- Select Exclude a subset of users to let Chrome selectively activate the API on a small subset of users on origins where a token is present. This consistently diverts a user into an experiment group across sites to avoid the usage limit. Pick this if you don't want to worry about implementing throttling for your API usage.
If you pick Exclude a subset of users, the API won't be enabled for all users, even for origins that are registered for origin trials. This is the intended behaviour.
Add your origin trial tokens #
Once your origin trial tokens are created, add them where relevant.
Adapt your code #
If you've picked Exclude a subset of users, use client-side feature detection alongside the origin trial to check whether the API can be used.
Run your experiment #
You're now ready to run your experiment.
(Optional) Recover the corrected conversion count #
User privacy isn't impacted by this technique, because you can't determine whether a specific event's conversion data was noised. But this gives you the correct conversion count at an aggregated level.
Develop locally #
A few tips when developing locally with the conversion measurement API.
Set up your browser for local development #
- Use Chrome version 86 or later. You can check what version of Chrome you're using by typing
about://versionin the URL bar.
- To activate the feature locally (for example if you're developing on
localhost), enable flags. Go to flags by typing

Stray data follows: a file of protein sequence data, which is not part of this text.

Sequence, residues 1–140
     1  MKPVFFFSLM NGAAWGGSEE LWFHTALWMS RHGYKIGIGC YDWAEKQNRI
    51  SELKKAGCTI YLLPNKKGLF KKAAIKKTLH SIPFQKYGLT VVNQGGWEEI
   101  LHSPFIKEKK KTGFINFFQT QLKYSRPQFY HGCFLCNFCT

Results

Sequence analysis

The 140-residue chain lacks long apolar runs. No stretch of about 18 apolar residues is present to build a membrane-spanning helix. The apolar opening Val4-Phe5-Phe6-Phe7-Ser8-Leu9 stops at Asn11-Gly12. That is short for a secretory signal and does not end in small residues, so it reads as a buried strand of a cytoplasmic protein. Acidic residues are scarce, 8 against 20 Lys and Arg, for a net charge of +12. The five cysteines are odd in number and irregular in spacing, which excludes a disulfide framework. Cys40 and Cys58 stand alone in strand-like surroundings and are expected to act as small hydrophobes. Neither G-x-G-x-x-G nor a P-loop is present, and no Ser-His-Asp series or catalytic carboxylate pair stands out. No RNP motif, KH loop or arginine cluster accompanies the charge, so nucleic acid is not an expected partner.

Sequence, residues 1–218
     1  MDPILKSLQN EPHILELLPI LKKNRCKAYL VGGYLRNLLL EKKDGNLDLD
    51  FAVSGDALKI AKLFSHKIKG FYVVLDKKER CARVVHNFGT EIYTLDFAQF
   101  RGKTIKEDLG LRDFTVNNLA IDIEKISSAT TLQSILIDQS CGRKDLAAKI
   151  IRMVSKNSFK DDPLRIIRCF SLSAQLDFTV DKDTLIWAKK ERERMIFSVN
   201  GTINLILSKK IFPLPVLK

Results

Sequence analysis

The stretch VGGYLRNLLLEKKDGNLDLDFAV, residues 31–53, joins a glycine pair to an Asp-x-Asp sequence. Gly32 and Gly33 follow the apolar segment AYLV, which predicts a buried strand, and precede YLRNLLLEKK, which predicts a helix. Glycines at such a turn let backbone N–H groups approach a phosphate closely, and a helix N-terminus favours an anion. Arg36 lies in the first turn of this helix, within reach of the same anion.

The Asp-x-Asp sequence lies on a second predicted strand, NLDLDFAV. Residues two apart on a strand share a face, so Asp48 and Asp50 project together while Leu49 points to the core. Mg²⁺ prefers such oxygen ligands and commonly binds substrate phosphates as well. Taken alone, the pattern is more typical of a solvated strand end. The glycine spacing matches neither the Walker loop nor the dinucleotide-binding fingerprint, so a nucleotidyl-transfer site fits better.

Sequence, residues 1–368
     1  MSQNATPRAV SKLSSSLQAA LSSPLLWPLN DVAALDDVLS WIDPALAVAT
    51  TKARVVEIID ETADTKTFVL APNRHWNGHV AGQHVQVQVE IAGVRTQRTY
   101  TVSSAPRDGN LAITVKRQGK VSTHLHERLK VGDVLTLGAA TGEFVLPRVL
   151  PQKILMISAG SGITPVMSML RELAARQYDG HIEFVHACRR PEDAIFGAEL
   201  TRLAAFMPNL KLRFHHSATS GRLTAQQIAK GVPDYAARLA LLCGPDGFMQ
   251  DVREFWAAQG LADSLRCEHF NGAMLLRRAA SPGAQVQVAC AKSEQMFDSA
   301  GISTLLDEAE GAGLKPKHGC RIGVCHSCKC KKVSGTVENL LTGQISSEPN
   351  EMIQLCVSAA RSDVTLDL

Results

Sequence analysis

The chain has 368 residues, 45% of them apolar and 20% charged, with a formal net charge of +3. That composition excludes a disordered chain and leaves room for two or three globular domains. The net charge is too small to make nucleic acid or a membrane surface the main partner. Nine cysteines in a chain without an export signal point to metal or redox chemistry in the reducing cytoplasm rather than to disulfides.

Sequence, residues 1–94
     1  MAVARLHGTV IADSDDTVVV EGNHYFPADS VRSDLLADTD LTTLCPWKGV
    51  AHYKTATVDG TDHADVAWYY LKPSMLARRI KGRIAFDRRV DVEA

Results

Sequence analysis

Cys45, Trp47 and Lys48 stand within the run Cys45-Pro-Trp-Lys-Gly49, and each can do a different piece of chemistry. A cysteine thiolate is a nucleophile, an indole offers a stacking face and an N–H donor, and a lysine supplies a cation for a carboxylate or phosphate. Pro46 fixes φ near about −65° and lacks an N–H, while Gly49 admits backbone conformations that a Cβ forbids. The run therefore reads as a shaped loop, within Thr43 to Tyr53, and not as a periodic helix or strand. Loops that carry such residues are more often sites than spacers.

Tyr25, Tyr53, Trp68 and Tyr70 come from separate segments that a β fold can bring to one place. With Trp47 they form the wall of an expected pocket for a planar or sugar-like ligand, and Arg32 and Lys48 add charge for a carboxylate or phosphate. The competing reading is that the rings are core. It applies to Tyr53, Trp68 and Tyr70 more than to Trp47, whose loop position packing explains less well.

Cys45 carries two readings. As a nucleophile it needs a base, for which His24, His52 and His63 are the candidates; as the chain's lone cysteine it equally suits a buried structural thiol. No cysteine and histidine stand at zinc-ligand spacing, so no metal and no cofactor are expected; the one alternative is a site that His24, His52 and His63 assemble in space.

about://flagsin Chrome's URL bar. Turn on the two flags
- Disable third-party cookie blocking. In the long term, dedicated browser settings will be available to allow/block the API. Until then, third-party cookie blocking is used as the signal that users don't want to share data about their conversions—and hence that this API should be disabled.
- Don't use Incognito or Guest mode. The API is disabled on these profiles.
- Some ad-blocking browser extensions may block some of the API's functionality (e.g. script names containing
ad). Deactivate ad-blocking extensions on the pages where you need to test the API, or create a fresh user profile without extensions.
You can see the conversion reports the browser has scheduled to send at
about://conversion-internals/ > Pending Reports. Reports are sent at scheduled times, but for debugging purposes you may want to get the reports immediately.
- To receive all of the scheduled reports now, click Send All Reports in
about://conversion-internals/> Pending Reports.
- To always receive reports immediately without having to click this button, enable the flag
Test your origin trial token(s) #
If you've chosen Exclude a subset of users in the dropdown How is usage controlled? when you've registered your token(s), the API is only enabled for a subset of Chrome users. You may not be part of this group. To test your origin trial tokens, enforce that your browser behave as if it was in the selected Chrome group by enabling the flag
Share your feedback #
If you're experimenting with the API, your feedback is key in order to improve the API and support more use cases—please share it!
Further reading #
- Origin trials developer guide
- Getting started with Chrome's origin trials
- What are third-party origin trials?
With many thanks to Jxck and John Delaney for their feedback on this article.
Hero image by William Warby / @wawarby on Unsplash, edited.